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Things are not always as they seem . . . or as you perceive them to be.
The description posted on the refrigerator of the beach house we had rented on the Oregon coast read:
The beach access is just across the street. If anyone in your group needs assistance, there’s a rope type “handrail” to assist their steps down to the huge endless sandy and very private beach. Most people walk right down, but the rope is there for extra security.
In my mind, I pictured steps carved into a rock and a rope-railing that was a rope strung from a firmly embedded post at the top to another post at the bottom end to end and the height of a normal railing.
As we crossed the street to head down to the beach, the path reminded me of something I’d expect to see in The Secret Garden – a path carved out between trees bending on either side forming a soft canopy with a mix of manmade steps and large stepping stone rocks promising to open up to something magnificent. We emerge from the secluded path to a meadow overlooking an endless expanse of ocean.
And then I come face to face with the rope “handrail”.
Nothing about how I envisioned it is the way it actually is. It’s not a “rope-type handrail” – it’s a rope. Period. Attached at only one end and draped lifelessly on the 30 foot rock that is between me and the “endless sandy and very private beach”.
My first thought: Where’s the real rope handrail? My second thought: I can’t possibly scale down this rock with that flimsy rope! My third thought: Even if I miraculously find a way to get down, I have to climb back up!
But with the support and encouragement of my nieces and nephew, I made it down . . . although when I got to the bottom of the rock I had so much momentum the instant I let go of the rope, I face planted in the sand . . . soft sand fortunately! My 16 year old niece doubled over in laughter . . . and so did I!
The beach was truly awesome. I found the climb back up the rock to be less challenging than the descent. The next day after a 6 mile hike, my niece implored me to go back down to the beach. Amazingly the rope descent was not nearly as intimidating as the day before.
While I never really bonded with the rope, I can say by the time we left I had made my peace with it.
Reflecting on that experience I am struck by its applicability to being a woman entrepreneur who is ever vigilant when it comes to self doubt. I had developed a mental picture based on my perception. But when the reality didn’t match my perception, I had 2 choices: 1) turn back to avoid risk and thereby miss out on the whole purpose of our vacation – to hang out on the beach together or 2) reframe my perception to align with the reality I faced.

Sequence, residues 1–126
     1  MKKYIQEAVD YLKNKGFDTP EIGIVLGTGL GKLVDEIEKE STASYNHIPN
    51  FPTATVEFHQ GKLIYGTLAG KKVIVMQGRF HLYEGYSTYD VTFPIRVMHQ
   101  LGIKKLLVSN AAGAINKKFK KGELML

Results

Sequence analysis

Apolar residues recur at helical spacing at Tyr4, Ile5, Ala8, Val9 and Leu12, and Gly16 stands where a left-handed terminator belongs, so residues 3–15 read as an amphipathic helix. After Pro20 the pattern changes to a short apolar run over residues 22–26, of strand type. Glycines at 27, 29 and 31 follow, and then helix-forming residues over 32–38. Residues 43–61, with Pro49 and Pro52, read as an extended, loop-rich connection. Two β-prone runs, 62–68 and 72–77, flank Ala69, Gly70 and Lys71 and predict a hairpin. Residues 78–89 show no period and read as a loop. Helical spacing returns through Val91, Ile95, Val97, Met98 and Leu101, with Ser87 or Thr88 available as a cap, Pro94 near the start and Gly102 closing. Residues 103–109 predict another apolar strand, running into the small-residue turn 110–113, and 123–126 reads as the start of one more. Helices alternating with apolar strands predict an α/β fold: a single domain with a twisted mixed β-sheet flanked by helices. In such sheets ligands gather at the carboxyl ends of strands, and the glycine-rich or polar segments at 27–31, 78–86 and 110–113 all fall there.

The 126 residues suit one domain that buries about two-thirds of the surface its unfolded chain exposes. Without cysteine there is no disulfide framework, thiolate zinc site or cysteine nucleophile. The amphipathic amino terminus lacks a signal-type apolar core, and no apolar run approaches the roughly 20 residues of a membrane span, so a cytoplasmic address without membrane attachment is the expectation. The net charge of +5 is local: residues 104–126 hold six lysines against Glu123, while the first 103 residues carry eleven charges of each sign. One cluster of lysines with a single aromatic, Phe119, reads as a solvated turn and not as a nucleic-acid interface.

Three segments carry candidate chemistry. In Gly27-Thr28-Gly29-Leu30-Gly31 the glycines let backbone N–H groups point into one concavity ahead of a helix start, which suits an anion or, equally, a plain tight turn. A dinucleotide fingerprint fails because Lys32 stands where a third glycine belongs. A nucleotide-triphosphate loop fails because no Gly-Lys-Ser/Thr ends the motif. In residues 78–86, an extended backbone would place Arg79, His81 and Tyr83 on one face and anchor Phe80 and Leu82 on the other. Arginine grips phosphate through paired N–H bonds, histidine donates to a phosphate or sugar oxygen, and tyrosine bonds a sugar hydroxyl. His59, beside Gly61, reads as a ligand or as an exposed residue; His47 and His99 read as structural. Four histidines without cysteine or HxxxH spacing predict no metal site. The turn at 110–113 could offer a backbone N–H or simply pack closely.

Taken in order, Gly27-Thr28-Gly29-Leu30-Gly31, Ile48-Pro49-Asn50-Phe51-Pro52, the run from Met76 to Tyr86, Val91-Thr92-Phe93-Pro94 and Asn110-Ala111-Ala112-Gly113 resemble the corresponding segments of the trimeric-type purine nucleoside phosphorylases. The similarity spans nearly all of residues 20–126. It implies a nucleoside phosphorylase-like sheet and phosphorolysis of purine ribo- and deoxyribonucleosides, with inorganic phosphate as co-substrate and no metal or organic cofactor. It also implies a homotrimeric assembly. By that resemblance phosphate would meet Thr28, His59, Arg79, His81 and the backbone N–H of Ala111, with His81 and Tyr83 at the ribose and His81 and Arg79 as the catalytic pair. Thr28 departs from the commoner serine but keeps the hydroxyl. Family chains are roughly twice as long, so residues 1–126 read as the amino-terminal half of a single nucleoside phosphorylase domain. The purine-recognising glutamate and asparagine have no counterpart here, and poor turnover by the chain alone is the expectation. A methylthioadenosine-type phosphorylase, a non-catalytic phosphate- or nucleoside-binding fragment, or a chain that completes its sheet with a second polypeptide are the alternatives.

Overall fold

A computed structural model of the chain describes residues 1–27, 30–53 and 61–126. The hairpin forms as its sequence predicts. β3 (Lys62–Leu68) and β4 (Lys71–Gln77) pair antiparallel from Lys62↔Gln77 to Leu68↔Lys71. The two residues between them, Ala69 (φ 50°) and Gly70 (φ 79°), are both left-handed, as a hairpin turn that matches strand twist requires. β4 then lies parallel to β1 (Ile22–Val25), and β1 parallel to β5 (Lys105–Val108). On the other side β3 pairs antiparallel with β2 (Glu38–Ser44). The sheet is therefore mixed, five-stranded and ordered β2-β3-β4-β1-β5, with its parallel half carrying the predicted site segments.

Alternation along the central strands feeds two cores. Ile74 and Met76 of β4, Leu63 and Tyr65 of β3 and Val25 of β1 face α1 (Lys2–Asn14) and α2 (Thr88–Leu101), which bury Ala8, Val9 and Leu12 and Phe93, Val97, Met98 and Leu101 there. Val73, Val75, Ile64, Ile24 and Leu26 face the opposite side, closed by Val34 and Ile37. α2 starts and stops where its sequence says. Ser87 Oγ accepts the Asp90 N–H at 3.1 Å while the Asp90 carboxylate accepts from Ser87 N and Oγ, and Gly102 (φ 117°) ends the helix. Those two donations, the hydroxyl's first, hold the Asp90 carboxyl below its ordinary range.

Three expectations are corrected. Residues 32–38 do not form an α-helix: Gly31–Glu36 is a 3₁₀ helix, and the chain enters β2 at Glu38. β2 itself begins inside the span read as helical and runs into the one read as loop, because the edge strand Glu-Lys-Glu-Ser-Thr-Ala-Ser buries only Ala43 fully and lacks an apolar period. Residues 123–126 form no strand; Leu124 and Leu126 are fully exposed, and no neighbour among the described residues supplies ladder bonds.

At Raise the Bar Academy, we are big advocates of reframing your self-perception and the role it plays in overcoming self-doubt. But sometimes all the positive self talk in the world isn’t enough to get you down the 30 foot rock. You (and I) need a little help. We all need a little help. And that’s where having a solid network of people you can trust to be there for you makes all the difference. We need mentors and coaches to bounce ideas, ask questions, receive wise counsel, and to encourage us through our moments of doubt.
Thanks to my awesome support team, I made it down the rope and had a fantastic time at the beach. Who are the people you can turn to when you need encouragement? Who are the people who will be real with you, but at the same time want only to see you succeed?
Here’s my challenge to you: Identify your go-to team for those times when you need support. If you don’t have 3-5 people who immediately come to mind when you see these questions, it’s time to reassess your support team.
is my sounding board – the person I go to for testing my ideas before I’ve even fully formulated them; for seeing if the latest blog I’ve written makes sense; she has an unfailing BS meter and a ton of experience (my business partner Cindy)
is who is always honest with me, always has my back and always wants what’s best for me; the person I trust implicitly (my best friend Jan)
is my centering force; the person who fills me up when I’m empty; brings me back to focus when I am scattered – doesn’t have to be a person; dogs are awesome in this role; cats probably are too. (I have several people for this one)
is my belly-laugh person. Mine is my 16 year old niece. That girl can make me laugh uncontrollably and always leave me feeling invigorated.
Do you have your support team in place?
A great place to start is with a Wingwoman. Do you have one? Get our FREE Tip Sheet, “Must Knows to Find Your Wingwoman?” for ideas and inspiration!